He shows us BOTH sides of the old girl...the shining metropolis envisioned by Bruce's father Thomas and his fellow entrepreneurs, and the dark and gritty back-alley hunting ground which it became. (And, folks, he pulled even Burton's stylized gloves off here. This place is nasty and dark, but it is also very, VERY believable.)

I must also give due credit to the supporting cast. (Supporting cast, indeed!) These folks did what consummate professional actors do....they molded themselves into the roles they were given, gave Christian solid characters to bounce Batman off of and, in so doing, really DID support the film.

Michael Caine finally gives Albert a real personality, and in many cases saves the film from becoming too dark and brooding with just the right injection of humor and humanity in just the right place. Bravo, sir.
Morgan Freeman (a man who has played God and a janitor at the same time, and made it work) wears the guise of Bruce's gadget-man like an old favorite smoking-jacket that you could never bring yourself to get rid of, just 'cause it's so damn comfy.
Gary Oldman (yes, folks, that's really him) puts in a marvelous turn as Jim Gordon, a beat-down desk cop who has no idea what's about to hit him...but is still a cop, and rises to meet it when it does.
And Liam Neeson....well, you'll just have to see for yourself. So there. Nyaah.

The only weak link here? Katie Holmes. You know....that chick Tom Cruise wants to marry. (Which, if her wet-rag-of-a-performance is any indication, may well be why she got the part.)

But that's okay, because....'cuz......oh man, I can't hold it back any longer, HERE IT COMES----


This Batmobile is the biggest, meanest, coolest, BADDEST mo-fo of a privately-owned transport apparatus you have ever seen. This Batmobile is what armored personnel carriers want to be when they grow up. It doesn't even have the common decency to LOOK like a Batmobile. It doesn't need to. This thing is the Shaft of all-terrain-vehicles. Seriously. When you honk the horn, it says "DAAAMN RIGHT." This Batmobile is what happens when a Stealth fighter and a Sherman tank break into the liquor cabinet, slam down a couple of cases of Night Train, and get on down with their bad selves on a bearskin rug by the fireplace ALLLLL night long. This is Isaac Hayes, Barry White, John Rambo and Mr. T all Freak-ensteined up into one bad-ass take-no-f[EEEP]in'-prisoners heartbreaker with an M-1 Abrams for a momma and the Terminator for a daddy.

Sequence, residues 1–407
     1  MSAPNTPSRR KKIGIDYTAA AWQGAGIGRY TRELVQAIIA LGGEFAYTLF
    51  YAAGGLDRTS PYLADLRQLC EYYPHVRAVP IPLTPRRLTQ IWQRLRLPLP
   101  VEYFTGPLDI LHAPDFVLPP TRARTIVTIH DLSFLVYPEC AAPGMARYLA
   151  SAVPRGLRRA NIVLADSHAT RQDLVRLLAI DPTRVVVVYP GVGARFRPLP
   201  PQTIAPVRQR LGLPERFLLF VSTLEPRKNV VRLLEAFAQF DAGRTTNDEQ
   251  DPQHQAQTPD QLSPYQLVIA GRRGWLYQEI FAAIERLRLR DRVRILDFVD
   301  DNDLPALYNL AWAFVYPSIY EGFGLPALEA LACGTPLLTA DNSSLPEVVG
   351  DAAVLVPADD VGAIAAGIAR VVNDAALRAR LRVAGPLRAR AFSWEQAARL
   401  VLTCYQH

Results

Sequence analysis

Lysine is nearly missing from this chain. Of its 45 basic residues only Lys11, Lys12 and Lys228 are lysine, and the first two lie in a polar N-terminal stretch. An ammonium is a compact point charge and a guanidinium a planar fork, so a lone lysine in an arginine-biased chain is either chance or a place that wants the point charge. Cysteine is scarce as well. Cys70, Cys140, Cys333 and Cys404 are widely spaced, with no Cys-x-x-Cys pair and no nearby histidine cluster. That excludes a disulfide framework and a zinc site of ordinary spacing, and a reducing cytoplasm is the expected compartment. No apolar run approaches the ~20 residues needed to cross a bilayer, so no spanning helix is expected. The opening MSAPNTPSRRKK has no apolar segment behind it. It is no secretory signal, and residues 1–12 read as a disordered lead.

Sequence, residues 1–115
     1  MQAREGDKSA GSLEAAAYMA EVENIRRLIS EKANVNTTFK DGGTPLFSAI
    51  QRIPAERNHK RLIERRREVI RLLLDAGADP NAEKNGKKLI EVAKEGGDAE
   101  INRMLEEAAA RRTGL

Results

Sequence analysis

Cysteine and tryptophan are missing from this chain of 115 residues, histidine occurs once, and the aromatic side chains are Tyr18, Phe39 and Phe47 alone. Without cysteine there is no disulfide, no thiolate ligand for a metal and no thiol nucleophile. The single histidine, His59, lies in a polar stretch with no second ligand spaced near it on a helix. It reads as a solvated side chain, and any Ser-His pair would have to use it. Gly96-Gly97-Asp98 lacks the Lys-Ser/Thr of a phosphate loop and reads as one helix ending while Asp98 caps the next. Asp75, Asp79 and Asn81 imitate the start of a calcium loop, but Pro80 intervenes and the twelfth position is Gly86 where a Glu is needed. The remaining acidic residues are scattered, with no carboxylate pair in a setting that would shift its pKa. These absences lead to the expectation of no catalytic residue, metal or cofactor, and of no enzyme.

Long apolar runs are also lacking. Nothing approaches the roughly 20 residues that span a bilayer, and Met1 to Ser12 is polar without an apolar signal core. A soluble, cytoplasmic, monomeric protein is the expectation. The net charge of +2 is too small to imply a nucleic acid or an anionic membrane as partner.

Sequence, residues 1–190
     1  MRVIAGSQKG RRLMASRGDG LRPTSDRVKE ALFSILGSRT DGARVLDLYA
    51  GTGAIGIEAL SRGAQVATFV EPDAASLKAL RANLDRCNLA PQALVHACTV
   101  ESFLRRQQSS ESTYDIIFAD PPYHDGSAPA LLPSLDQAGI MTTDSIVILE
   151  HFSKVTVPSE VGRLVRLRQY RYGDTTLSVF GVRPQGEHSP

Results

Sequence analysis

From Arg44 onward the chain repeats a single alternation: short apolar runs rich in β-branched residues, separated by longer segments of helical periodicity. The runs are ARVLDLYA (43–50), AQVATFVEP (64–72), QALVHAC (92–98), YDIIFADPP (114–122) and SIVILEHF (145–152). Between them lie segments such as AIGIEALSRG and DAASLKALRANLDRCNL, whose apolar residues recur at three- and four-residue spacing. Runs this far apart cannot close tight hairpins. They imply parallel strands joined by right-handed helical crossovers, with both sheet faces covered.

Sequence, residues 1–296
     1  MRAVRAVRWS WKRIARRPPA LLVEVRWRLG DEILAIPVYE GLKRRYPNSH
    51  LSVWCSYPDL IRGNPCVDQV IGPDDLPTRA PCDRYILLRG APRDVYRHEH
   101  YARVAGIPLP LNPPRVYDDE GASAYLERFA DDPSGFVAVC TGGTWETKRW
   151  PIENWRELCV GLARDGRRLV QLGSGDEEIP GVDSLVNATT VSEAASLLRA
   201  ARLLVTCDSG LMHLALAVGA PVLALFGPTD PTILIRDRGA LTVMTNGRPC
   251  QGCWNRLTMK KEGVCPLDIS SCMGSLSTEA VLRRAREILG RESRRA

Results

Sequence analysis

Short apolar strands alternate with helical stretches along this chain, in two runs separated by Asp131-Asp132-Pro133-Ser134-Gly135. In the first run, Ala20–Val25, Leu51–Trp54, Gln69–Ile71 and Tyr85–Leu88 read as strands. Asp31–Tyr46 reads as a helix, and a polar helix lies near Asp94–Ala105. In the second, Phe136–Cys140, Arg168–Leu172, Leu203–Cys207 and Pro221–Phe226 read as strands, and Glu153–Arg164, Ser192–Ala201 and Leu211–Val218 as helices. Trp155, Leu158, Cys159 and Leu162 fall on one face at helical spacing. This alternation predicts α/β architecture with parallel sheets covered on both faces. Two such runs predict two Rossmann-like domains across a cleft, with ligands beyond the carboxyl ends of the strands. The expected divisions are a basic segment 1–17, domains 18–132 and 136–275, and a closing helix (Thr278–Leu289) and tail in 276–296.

This is not the Batmobile....this is the BAAAAAAAD-mobile.

(long-winded series of wheezes...getting it back together now....)

Sorry. I had to let that out. I'm better now.

To sum up....this film, o faithful ones, has set the bar for the rest of this summer's usual "blockbuster" fare right early...and set it rather damned high indeed.

Oh...and a message of sincere sympathy goes out from myself to the makers of the Fantastic Four movie due for release this season, and especially to Ioan Gruffudd. My wife and I have followed his career ever since we stumbled upon his brilliant work in A&E's Horatio Hornblower films. He is a stellar actor, and we both like him very much. It is truly a shame that his first real starring role in a major motion picture (King Arthur, in my mind, doesn't count) has the unfortunate timing to have to follow the unmitigated triumph that is Christian Bale's performance as the Dark Knight.

Ladies and gentlemen....Batman Begins.

Finally----FINALLY----justice has been done.